Corporate IT: How to Improve the Customer Experience You Provide

The experience that companies provide for their customers has become incredibly important to many senior executive teams. They see it as a source of competitive differentiation in world where many people feel they already have “too much stuff,” and where they want companies and brands that represent their own outlook on life (see point 2).

As digitalization causes managers to rethink their whole approach to customers, products, markets, and internal operations, the right collaboration with IT has become particularly important, and especially for customer experience teams. Unfortunately, however, although a recent survey of customer experience leaders highlighted that they considered collaboration with IT as very important, they also said that IT, along with legal and compliance, were the most difficult functions to work with (see chart 1).

It’s no coincidence that these functions are the most likely to say “no” to efforts to improve customer experience – at times for good reasons, such as information security. But there are other factors which make interactions with IT far from effortless.

Chart 1: Relationships with different stakeholders  Source: CEB analysis

Click chart to expand

Why IT’s Own Customer Experience is Far from Effortless

When it comes to “external customers” – those actually paying a company money for a product or service – 96% of those that expend what they consider “high effort” in a customer service interaction are more disloyal, while 9% of those with low-effort interactions are more disloyal, according to CEB data.

Ultimately, IT’s internal customers (i.e., managers from across the rest of the company) have the same expectations when they engage with the company’s IT team. Today business leaders have outgrown traditional IT-business engagement models, whereby they dealt with a single IT contact, and IT owned end-to-end delivery of the service.

Instead, business partners’ needs are much more diverse and are shaped by their digital ability and ambition. For example, some business leaders are passionate about digitalizing their business processes, and have the ability (or not) to manage technology initiatives. Others still have little understanding of digitalization, and need much more support.

At the same time, digitalization presents a much broader range of business opportunities, making it harder for a central team to provide meaningful expertise. All of these elements have increased the effort business partners have to exert when engaging with IT.

How IT Can Build a Low-Effort Function for the Digital Era

Forward-thinking IT teams reduce effort by constantly adjusting their approach to business engagement based on the type of support business partners need, where, and when. They do three things in particular.

  1. Flex IT’s engagement role: IT leaders should equip their teams to shift between a range of activities based on the digital ambition and ability of their business partners. All IT employees should be prepared to flex between educating business partners about digitalization opportunities, providing technologies that exploit these opportunities, and acting as a coach and broker (see this post for more) to help them deploy digital technologies by themselves.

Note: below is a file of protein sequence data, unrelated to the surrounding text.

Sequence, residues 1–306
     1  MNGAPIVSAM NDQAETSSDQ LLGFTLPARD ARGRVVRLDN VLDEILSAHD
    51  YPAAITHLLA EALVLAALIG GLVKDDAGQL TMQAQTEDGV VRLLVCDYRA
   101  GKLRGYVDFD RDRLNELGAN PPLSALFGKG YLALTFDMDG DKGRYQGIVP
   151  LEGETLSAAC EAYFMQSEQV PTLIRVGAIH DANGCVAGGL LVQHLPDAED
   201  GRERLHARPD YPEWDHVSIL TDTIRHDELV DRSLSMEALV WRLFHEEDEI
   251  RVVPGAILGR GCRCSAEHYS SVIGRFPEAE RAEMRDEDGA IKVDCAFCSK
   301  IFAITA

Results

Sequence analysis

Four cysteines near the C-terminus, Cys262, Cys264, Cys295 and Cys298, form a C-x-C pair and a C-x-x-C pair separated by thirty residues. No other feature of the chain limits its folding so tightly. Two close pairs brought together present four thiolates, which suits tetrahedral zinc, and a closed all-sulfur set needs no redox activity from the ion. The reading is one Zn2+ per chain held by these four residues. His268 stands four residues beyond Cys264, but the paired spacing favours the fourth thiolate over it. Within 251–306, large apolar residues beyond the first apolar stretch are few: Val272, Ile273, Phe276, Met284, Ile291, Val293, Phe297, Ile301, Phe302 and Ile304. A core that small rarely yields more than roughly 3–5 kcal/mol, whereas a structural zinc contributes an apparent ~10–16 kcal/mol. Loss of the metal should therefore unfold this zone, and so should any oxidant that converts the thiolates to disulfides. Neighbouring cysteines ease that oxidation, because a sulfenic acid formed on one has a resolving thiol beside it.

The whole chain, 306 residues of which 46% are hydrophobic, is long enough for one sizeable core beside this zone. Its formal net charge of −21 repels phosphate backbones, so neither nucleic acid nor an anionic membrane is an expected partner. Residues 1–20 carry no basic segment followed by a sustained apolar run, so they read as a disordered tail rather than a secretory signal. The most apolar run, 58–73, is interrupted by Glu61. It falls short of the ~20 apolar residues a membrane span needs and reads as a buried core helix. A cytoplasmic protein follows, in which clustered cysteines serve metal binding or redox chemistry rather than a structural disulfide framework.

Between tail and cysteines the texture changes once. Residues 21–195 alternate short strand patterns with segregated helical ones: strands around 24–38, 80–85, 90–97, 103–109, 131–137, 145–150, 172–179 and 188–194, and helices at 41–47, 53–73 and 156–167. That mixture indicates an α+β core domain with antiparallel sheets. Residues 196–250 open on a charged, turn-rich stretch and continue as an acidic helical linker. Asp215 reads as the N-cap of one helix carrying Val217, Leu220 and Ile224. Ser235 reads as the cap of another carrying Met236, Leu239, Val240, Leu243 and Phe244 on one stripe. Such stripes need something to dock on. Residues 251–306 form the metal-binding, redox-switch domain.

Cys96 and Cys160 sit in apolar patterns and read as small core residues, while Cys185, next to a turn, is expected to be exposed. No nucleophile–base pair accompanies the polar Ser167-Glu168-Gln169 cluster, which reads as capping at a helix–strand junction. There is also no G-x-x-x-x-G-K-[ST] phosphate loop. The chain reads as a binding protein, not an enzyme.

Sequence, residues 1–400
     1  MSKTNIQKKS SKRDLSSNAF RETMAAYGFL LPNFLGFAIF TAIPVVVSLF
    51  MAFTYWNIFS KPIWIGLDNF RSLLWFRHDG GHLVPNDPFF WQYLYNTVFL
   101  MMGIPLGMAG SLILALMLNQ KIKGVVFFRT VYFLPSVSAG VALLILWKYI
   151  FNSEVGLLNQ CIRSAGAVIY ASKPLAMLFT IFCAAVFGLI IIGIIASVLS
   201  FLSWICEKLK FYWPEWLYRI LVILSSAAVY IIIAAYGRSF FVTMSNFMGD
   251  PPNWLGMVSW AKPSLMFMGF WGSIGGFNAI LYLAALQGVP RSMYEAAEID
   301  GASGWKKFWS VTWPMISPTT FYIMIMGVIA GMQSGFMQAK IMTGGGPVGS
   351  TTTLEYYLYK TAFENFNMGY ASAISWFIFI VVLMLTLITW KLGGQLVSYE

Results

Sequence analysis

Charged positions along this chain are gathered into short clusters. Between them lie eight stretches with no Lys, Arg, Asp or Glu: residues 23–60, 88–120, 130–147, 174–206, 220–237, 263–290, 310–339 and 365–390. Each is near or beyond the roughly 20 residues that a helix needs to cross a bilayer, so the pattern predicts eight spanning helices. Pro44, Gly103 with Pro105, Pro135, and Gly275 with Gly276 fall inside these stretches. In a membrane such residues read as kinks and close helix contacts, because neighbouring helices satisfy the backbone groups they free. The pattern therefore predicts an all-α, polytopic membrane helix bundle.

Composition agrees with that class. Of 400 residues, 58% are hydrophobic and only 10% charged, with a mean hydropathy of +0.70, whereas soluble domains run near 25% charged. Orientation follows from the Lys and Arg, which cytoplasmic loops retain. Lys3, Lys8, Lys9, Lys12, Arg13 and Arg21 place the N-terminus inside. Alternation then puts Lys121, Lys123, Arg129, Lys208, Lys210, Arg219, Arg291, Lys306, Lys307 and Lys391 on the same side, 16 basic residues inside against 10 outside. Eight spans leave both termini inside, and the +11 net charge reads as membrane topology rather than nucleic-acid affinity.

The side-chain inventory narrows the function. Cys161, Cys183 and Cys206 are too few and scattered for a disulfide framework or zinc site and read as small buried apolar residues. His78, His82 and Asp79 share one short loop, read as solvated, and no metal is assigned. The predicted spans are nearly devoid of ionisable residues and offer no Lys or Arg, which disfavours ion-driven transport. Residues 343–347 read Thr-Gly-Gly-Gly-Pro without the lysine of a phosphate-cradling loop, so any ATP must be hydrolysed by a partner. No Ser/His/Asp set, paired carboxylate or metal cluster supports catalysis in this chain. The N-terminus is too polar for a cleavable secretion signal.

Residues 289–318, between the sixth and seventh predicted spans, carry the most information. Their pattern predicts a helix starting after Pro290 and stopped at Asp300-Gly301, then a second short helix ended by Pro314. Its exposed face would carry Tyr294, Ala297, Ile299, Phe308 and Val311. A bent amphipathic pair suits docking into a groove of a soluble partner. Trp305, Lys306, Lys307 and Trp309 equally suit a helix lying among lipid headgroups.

This simplifies business partner engagement, as business leaders understand they can come to IT with requests for help, without the risk of their project being shut down unless IT owns end-to-end delivery, and often then does so for good reason.

  2. Accelerate access to technical expertise: IT leaders should put in place processes that guide IT employees to the correct engagement posture. Governance groups such as Enterprise Architecture, Information Risk, and the Project Management Office (PMO) can reduce the customer effort by automating and devolving accountability for lower value processes to business managers.

    This allows those groups to allocate more resources and respond more quickly to higher value priorities. For instance, the PMO could help improve business partners’ project management capabilities by providing tools and resources through a self-service portal, allowing the PMO to focus on the most critical requests for help.

  3. Build digital acumen in the rest of the business: It’s not just IT that has to change; business leaders have to change too. Business leaders must improve their understanding of how digitization can be used to improve business outcomes. Progressive companies make digital acumen a formal leadership competency and invest in building digital acumen through leadership development programs.

    Such programs equip business leaders with the knowledge of the company-wide changes required for success with digitalization, helping them navigate engagements with IT more successfully as they will have already thought about factors that often stop projects in their tracks, such as risk or data access.


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